What's a "unity government"?

Anonymous asked this question on 8/2/2000:

Today, MSN reported Levy as saying, "I am very, very afraid for the future. I really wish that there was the responsibility and the wisdom to form a national unity government,".

Can you explain what such a government would look like? I need a little bit of background, too. Thanks.

madpol gave this response on 8/2/2000:

"National Unity Governments," also known as "Governments of National Salvation," tend to be formed in times of Crisis or political turmoil--such as the aftermath of a Civil War.

Parties lay aside their differences and work for the common good. The advantage being that more things can be done, and done more quickly, if everybody is on the same page instead of posturing for Party advantage.

The term comes from nations who have a Parliamentary system of government. In Parliamentary Systems the Head of State is not a President(Elected directly by the people,) but a Prime Minister,(elected by the Parliament)who controls a majority of votes in that body. If your majority includes votes from legislators who would normally be part of the opposition, you have more freedom of action.

JesseGordon gave this response on 8/3/2000:

My colleague provided a fine general answer, but let me define things in terms of the Israeli Knesset, as you have framed the question.

A parliamentary system like Israel's does not work like the presidential system in the US.

In the US, the Congress has no say over the tenure of the president (except for impeachment). In Israel, the parliament can have a "no-confidence" vote at any time (as they did with Barak last week) and if the parliament says they have no confidence in the prime minister, he must call for new elections.

In an important sense the prime minister serves at the pleasure of the parliament, and therefore must maintain a majority there. (Actually, I think it takes a super-majority to force new elections in Israel, but the percentage differs from country to country).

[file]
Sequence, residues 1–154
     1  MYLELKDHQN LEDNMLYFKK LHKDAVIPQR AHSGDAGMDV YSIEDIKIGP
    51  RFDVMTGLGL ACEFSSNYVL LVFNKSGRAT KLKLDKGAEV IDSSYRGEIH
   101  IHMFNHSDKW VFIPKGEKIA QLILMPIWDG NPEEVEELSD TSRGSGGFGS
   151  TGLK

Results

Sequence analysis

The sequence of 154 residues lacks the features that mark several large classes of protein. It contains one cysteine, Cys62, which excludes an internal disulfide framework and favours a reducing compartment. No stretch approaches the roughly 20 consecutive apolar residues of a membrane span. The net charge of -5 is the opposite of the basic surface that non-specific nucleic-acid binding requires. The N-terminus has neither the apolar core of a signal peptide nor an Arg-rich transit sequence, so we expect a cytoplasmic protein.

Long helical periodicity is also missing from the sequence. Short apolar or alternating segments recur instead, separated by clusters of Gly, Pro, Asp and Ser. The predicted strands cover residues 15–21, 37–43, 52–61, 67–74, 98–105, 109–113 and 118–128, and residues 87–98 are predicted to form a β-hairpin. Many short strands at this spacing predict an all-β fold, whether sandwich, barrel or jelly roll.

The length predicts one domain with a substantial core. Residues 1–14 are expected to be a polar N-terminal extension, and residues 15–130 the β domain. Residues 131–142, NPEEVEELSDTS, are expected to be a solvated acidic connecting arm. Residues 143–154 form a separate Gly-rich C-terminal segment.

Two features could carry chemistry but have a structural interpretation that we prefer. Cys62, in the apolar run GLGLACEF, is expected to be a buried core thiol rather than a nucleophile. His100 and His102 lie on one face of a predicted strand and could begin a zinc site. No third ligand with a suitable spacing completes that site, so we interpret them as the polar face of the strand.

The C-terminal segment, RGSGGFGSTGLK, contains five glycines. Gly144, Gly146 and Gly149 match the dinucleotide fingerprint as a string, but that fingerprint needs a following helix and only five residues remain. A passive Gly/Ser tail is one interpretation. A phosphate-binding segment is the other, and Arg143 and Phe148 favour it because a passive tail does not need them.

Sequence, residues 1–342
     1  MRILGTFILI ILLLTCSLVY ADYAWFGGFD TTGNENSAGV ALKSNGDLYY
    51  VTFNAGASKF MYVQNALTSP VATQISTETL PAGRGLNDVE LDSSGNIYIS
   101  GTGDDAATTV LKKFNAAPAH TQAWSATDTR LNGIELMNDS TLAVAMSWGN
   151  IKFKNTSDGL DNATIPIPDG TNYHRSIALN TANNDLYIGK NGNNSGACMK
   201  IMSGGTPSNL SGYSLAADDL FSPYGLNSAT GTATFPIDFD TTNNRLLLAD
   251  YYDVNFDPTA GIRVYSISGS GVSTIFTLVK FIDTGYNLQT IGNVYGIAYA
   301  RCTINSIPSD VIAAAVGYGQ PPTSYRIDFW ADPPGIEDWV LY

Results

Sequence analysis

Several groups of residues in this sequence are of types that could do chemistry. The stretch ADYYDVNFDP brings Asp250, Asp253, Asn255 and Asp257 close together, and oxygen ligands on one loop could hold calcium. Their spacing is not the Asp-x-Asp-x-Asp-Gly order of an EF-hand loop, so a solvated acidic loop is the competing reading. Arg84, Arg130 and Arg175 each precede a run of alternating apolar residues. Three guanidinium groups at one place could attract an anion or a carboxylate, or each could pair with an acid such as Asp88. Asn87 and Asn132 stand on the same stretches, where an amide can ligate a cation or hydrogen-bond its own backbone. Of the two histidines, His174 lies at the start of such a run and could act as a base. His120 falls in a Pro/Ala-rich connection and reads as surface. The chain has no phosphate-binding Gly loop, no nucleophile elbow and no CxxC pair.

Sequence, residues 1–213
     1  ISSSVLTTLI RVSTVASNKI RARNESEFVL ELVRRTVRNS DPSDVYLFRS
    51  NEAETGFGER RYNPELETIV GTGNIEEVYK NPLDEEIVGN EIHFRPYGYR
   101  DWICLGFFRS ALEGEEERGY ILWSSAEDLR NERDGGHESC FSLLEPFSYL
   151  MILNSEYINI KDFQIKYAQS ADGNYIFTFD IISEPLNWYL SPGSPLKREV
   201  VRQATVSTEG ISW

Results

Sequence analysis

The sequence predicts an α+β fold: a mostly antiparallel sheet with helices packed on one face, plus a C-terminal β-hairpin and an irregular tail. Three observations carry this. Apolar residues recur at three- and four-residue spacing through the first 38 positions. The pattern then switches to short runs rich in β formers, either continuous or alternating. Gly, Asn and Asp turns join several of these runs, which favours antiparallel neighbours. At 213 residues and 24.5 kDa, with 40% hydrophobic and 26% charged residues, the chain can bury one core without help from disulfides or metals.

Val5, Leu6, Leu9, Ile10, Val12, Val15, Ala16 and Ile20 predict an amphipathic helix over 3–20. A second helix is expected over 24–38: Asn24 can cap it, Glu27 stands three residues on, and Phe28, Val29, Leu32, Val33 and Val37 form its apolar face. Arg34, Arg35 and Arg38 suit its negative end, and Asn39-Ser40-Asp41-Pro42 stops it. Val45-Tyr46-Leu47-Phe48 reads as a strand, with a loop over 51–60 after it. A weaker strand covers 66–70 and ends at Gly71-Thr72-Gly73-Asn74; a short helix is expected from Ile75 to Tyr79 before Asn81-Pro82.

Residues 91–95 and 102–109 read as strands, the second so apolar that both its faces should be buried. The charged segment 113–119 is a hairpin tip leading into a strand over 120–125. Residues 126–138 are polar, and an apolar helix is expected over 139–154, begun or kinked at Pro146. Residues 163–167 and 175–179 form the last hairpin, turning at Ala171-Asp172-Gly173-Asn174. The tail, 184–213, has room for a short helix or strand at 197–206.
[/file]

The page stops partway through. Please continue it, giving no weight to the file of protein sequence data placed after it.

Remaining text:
"Maintaining a majority" is the key to the "unity government." If the Parliament wins an election with an absolute majority (over 50% of the members), then Israel gets a "majority government," where the ruling party need not take into account the views of any minority parties. That rarely happens because Israel has a number of strong third parties.

So in the absence of an absolute majority, the party which wins the election by a plurality (the most votes, even though it's under 50%) asks other smaller parties to join them in a "ruling coalition." The biggest party makes deals with the smaller parties until the sum of the votes in parliament exceeds 50%. That is then called a "coalition government" because it has a bunch of component parties.

In the US, the president picks his cabinet, usually consisting of all members of his own party. In Israel, the usual deal for a third party joining in the coalition government is a cabinet seat. So for example, the religious party might be given a cabinet seat relevant to religious issues in exchange for their participation in the governing coalition. That is the case in Israel's government right now.

The idea of a "coalition government" is that the main opposition party is excluded (the two biggest parties in Israel are Labor on the left and Likud on the right). So a "coalition government" means that when Labor is the ruling party, Likud is in opposition and hence not represented in the cabinet. And vice versa when the prime minister is from Likud -- then Labor isn't in the ruling coalition.

A "unity government" means that Labor makes a deal with Likud. As with third parties, the usual deal is to give some cabinet seats -- more than one in a "unity government" since the opposition party is larger. A unity government means that well over half of the parliament is represented in the cabinet, so it's considered a "unified" representation of the electorate (glossing over the fact that the third parties all get ignored in a "unity government.")

As pointed out, that happens in times of crises -- this month certainly qualifies for Israel, so it may happen soon. But Likud and Labor differ very strongly over the issue of Jerusalem's sovereignty, so it may be difficult for them to come to terms of a deal. That's what Levy was talking about with "responsibility and wisdom" -- Israel needs the "unity" to effectively negotiate with the Palestinians, but to do so means putting aside internal differences.

JesseGordon gave this follow-up answer on 8/3/2000:

P.S. You can follow the views of US politicians on issues relevant to Israel at

Anonymous rated this answer:

Wonderfully detailed explanation--bravo!!! Are you in Israel?

JesseGordon gave this follow-up answer on 8/3/2000:

No, I'm just a good ol' American Jewish boy. I follow Israeli politics because I lived there briefly as a child and have visited a few times since.

Return to index